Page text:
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Thursday, November 18, 2010

Track-by-Track: Take That - Progress

I've never listened to an entire Take That album before -- not in their 90's heyday, not during their 00's resurgence. And before I heard the lead single from this, I wasn't too excited about a new album (even one with Robbie Williams). So take this review for what it is: the thoughts of a casual (relatively indifferent) fan. What I can say for sure, though, is that producer Stuart Price has certainly had a good year. If his 2010 album work was a trilogy, this would be the epic conclusion. It's as much his record as it is Take That's.

1. The Flood - The band have enjoyed a string of massive hit ballads over the past few years, but it seems that it was all building up to this. It's an incredibly majestic, redemptive song. The perfect comeback, produced to utter perfection. 10/10

2. SOS - This is where the album takes a startlingly (excellent) turn. It's a full-on paranoid dance track -- not what I would've expected from the new Take That. The interchange between vocalists works wonders and this again supports my theory that any song with SOS in the title is bound to be a good one. 9/10

3. Wait - A string-laden midtempo with more of an r&b sound to it. I like how this carries on the electronic elements, but it's one of my least favorite on the album. It sounds a little too mainstream compared to the more experimental aspects of other tracks. 8/10

4. Kidz - This is a big, apocalyptic track... a cross between Muse and the We Will Rock You musical. It's got a cast-of-thousands sound to it, with a heavy glam beat, dramatic stomps, and a sneering Robbie vocal. Excellent. 10/10

5. Pretty Things - This couldn't possibly sound any more like Bowie. It's a languid, distorted music box ballad that didn't hit me on first listen but grows each time I hear it. It's more a solo Robbie song than anything, but it's a great one. 9/10

6. Happy Now - We've now entered the second half of the album, which is stronger than the first. This kicks it off quite soaringly. It transforms from a tricky verse to a pulsing disco chorus. It's the most immediate song on the album. 10/10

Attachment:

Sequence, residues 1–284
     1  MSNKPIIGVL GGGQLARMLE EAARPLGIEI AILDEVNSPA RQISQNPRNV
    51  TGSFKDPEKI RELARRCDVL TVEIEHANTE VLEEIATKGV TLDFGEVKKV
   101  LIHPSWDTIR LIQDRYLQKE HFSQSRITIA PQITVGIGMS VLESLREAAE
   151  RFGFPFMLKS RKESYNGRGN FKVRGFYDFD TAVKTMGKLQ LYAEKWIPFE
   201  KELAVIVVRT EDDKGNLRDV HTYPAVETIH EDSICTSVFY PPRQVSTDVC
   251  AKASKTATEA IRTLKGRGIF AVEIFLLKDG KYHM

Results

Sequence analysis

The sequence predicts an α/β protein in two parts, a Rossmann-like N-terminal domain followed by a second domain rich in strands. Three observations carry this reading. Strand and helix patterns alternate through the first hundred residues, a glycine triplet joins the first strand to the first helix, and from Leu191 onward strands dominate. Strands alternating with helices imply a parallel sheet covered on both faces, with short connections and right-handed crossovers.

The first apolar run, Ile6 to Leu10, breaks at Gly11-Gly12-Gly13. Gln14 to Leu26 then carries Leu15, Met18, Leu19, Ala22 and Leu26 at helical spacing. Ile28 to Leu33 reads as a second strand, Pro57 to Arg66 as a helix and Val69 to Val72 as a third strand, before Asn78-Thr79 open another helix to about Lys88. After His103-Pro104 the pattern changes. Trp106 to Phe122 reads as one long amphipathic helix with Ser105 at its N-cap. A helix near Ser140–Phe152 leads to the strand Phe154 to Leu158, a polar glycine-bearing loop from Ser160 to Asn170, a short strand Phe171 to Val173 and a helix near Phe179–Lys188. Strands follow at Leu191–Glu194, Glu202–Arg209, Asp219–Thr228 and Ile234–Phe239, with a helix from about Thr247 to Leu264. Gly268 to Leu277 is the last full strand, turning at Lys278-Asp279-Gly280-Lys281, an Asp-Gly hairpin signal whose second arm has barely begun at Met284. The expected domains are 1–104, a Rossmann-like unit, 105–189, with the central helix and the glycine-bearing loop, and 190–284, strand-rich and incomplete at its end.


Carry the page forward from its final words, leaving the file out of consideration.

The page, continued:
7. Underground Machine - Less instant, but just as impressive. This is one of the more experimental sounds for them -- big glam swagger, industrial guitar riff and a loopy falsetto chorus. Like a lot of songs here, it's basically a Robbie solo track, but unlike anything you've heard from him before. 10/10

8. What Do You Want From Me - Though I would've chosen a different vocalist for this, there's no denying the strength of this song. It's like Fire With Fire part two. It's got that ballad vs. dance track sound that Stuart Price produces so well. It builds to something pretty epic at the end. 10/10

9. Affirmation - A perfect seque from the last track, this has quickly grown into one of my favorites. It's got a dramatic prog sound to it, with Bowie-esque verses that build into an explosive chorus. I'm amazed that this is even the same band as the Take That of the nineties. 10/10

10. Eight Letters - The big closing ballad. The lyrics are highly self-referential and autobiographical. It's probably closest to the sound of the previous two albums and seems to utilize the entire band more fully than on most of the album, which is fitting given the meaning behind the song. 9/10

11. Flowerbed - Technically a bonus track, but it's on every version of the album so it'll feature in my review. This tender ballad opens with processed vocals for the first minute or so before revealing a simple, delicate melody. It feels a little unfinished, almost like an interlude, but it's certainly pleasant. 7/10

Album Grade: 9.2/10

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2 Comments:

Anonymous Pranav said...

It's interesting that "Wait" was your least favorite song on the album. I found myself playing that song and "Eight Letters" on repeat over and over again. I just got my hands on the Take That album this evening.

12:02 AM  
Blogger Paul said...

Excellent review - I love Eight Letters as it is a real harking back to the traditional take that to finish off the album - everything that comes before though ranges from fascinating to exhilarating!

3:50 AM  

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